Very strange, I think, to sit on a drizzly Tuesday afternoon in a lecture hall at the Cape Cod Community College and watch a film about Kurdish Turkey set in the 1990, showing Kurds being killed arbitrarily, and their children forced to live on the streets of the city whose name I've never heard and can't spell. A ten year old girl and her little brother - and until she dies, an infant sister (she seems to die because a pharmacist will not let the brother have medicine because he does not have enough money). The children sell what possessions are in their tiny apartment, then they are evicted. They eventually meet other down and out people, plus a free lance prostitute. When the little girl goes (as the prostitue's little sister) to the home of a john, she wanders around, sees photos and realizes the guy is her parent's murderer. She finds his gun but does not shoot him. Instead, somehow (unexplained) flyers are made denouncing him as a murderer and are put under every door in his aparment building and spray painted on the street denouncing him as a murderer. He is outted, what becomes of him we do not see. The children have already been recruited by a Fagan-type hustler to go to Istambul where they will pick pockets.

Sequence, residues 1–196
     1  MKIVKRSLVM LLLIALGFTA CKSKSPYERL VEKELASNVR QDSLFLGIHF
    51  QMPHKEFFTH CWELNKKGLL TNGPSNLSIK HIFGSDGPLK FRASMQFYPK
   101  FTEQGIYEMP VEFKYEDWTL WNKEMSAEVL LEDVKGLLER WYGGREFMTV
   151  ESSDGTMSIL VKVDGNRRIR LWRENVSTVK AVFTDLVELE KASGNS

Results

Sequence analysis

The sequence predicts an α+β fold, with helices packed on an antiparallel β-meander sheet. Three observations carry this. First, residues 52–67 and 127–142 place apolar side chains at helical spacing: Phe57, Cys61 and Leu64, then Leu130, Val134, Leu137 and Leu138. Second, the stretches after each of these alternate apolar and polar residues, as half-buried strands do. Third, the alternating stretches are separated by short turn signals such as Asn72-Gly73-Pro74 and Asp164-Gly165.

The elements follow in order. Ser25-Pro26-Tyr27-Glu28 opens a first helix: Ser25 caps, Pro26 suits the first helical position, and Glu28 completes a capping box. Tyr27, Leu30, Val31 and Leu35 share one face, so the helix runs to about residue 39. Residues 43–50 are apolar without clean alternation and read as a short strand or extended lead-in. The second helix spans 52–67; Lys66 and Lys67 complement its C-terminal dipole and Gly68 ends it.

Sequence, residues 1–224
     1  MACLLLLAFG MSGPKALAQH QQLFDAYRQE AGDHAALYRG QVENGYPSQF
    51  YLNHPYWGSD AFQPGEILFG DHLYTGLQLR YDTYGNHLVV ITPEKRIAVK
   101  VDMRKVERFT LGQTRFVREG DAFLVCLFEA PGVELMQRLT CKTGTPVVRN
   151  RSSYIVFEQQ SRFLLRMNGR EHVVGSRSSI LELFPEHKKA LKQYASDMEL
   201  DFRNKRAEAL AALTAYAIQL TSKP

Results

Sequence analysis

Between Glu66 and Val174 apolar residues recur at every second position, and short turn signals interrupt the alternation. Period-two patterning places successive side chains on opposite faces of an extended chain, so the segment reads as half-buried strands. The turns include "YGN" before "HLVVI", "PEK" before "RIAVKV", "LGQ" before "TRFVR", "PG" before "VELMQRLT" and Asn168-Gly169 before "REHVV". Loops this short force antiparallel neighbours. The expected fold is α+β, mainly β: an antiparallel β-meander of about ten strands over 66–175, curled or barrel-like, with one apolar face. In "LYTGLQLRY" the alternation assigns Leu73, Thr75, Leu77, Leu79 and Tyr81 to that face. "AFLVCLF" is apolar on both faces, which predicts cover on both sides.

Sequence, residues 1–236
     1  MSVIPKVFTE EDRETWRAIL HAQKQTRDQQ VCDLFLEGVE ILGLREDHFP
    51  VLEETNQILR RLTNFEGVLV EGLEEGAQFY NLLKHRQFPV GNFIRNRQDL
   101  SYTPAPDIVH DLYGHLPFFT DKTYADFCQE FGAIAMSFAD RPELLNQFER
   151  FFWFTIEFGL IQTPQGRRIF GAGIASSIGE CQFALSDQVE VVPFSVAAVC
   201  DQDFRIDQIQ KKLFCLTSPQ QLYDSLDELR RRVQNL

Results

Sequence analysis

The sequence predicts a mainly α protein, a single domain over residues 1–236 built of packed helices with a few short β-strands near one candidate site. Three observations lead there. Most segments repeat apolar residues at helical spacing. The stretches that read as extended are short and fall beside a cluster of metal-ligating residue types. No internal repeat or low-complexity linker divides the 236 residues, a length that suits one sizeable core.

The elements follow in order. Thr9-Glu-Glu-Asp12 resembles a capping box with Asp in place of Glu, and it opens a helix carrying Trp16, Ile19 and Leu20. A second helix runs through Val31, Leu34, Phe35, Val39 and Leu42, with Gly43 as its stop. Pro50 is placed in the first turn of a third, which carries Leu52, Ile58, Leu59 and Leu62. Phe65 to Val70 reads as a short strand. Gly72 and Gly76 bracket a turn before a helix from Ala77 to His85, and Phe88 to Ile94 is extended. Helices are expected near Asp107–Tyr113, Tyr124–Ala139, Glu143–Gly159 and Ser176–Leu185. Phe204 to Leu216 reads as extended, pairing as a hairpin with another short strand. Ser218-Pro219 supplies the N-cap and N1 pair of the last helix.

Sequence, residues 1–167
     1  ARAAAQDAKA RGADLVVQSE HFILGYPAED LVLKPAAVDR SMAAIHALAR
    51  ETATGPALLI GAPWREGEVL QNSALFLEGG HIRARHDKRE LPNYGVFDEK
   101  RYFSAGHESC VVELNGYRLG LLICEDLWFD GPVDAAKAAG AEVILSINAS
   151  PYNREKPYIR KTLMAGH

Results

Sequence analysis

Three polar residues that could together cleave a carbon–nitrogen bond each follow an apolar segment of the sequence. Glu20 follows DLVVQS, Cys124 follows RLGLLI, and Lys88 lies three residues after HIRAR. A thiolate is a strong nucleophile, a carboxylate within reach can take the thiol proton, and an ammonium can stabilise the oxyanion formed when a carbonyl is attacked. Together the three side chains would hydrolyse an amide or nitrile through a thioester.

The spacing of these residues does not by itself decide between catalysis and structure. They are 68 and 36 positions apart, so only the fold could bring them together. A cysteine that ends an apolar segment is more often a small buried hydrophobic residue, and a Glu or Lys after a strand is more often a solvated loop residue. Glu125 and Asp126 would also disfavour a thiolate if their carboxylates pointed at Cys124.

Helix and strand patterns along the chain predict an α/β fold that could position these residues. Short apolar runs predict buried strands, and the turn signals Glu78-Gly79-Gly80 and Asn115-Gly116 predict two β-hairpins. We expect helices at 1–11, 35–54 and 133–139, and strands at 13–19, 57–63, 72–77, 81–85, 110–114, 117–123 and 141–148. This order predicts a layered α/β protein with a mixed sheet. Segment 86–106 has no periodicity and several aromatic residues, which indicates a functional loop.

This is a harsh film, considering the Turkish treatment of the Kurds in their Eastern provinces was probably a brave story to tell. As the woman who introduces films emphasized, this is probably all any of the audience will ever see of Kurdish Turkey and we may never know much more about their plight than this movie shows -- that they are grossly discriminated against.
The mid-70s are a surprise! Part of me remains in the 50s -- age, I mean, not decade of 20th century. It's a joy ride, new experiences land in my lap and I've become a better quilter, poet, writer than I expected. It's a rich life for a person never rich financially. Hey, this is what the mid-70s are like!